A morning walk.
I learned a long time ago that days in lonely places need to be kick-started aggressively. Get the endorphins pumping as your heart pounds then the long hours ahead seem less weighty; abbreviated.
The dogs follow me from the moment I wake up. I sternly say, ‘I’m going back to my bed with my tea you two; you’ll have to wait’. They gaze up at me solemnly, beseechingly from the floor.
They stand outside the bathroom door as I shower. They are trip hazards until I get my – at this time of year – wellies on and pick up the lead and then the wait erupts into a frenzy as they charge towards the gate and I am hauled along by six month old Jip who, despite her size, is as strong as an ox.
Why the lead Ant asks as we walk together on a Sunday and Jip pulls me down the hill so that my answer is snagged on the wind and he has to ask again, ‘what, why?’. Because of the road, I wail as Jip charges forth. It’s hardly the M4 laughs Ant. Quite. But there are bicycles to be toppled if Jip appears like a bullet out of the tea and pluckers on their way into the fields to be terrorized when they mistake Jip’s enthusiastic hellos as imminent attacks.
Yesterday’s storm, which took out the internet – as rain clouds obliterated the satellite – and the electricity because the lightening rods erected on my roof tripped the power, is long gone. Not a trace above me to suggest last night’s tempest.
The sky is rinsed Omo Blue and the tea and forest newly painted green; a Dulux colour chart: Enchanted Eden, Luscious Lime, Kiwi Crush.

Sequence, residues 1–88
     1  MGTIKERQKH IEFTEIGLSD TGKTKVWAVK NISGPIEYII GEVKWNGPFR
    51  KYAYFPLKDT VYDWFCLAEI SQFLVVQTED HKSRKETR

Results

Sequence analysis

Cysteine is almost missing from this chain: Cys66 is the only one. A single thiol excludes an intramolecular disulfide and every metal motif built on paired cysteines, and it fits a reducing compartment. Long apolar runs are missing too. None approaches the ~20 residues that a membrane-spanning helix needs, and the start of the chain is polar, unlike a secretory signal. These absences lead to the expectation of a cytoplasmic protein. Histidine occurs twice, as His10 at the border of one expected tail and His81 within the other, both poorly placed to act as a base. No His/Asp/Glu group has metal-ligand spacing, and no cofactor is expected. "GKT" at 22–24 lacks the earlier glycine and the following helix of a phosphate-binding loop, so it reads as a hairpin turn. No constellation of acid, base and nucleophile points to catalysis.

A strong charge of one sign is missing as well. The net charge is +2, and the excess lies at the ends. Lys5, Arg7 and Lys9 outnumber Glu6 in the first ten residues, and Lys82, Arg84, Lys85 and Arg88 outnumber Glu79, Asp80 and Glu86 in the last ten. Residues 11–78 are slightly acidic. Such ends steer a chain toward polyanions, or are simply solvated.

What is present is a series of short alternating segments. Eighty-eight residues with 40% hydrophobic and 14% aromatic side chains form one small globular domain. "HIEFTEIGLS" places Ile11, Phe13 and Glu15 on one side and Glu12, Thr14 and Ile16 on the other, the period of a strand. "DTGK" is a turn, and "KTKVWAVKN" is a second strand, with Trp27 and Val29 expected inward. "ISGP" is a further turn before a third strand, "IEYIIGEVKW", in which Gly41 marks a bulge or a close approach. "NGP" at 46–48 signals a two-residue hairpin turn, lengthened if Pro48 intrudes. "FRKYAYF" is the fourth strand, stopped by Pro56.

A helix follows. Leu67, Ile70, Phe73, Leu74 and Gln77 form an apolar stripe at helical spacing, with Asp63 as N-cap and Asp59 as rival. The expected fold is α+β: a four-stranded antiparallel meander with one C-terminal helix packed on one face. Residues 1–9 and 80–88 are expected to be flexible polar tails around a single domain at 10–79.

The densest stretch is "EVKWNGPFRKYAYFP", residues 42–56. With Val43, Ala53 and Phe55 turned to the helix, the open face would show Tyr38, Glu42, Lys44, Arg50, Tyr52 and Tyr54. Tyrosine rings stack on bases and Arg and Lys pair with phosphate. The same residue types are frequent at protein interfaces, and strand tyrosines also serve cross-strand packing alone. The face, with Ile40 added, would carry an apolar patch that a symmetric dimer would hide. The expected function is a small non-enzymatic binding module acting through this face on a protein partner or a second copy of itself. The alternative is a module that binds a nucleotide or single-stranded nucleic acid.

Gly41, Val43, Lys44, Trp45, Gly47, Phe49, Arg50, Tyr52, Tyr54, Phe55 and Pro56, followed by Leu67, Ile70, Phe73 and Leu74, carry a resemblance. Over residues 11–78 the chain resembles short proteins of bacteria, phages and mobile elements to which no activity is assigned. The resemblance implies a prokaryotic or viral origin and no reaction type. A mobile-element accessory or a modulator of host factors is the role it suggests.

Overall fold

The earth beneath my booted feet is damp and gouged with the rivers that rushed; all that remains are scars and debris and the gossamer wings of flying ants which flew briefly and ecstatically. Siafu march determinedly onwards in their trenches; regimented lines. I am glad of my footwear. Occasionally the dogs tread carelessly and must pick a nipper from between their pads. I can hear frogs. Birds. The occasional Sykes money scold from damp tree tops.
And Jip continues to charge blindly onwards, ebulliently disobedient. I only know where she is by the shiver of tea bushes above her as she races between them, her tail an antenna. Occasionally, to get her bearings, she must stand on her hind legs and peer above the foliage, like a gerenuk. Pili is altogether more decorous.
I harness Jip before we cross the road home and – despite heavy panting and a long pink tongue lolling – she has lost little of her exuberant speed and so she pulls me up the hill.
I didn’t tell Ant that bit; she helps me home.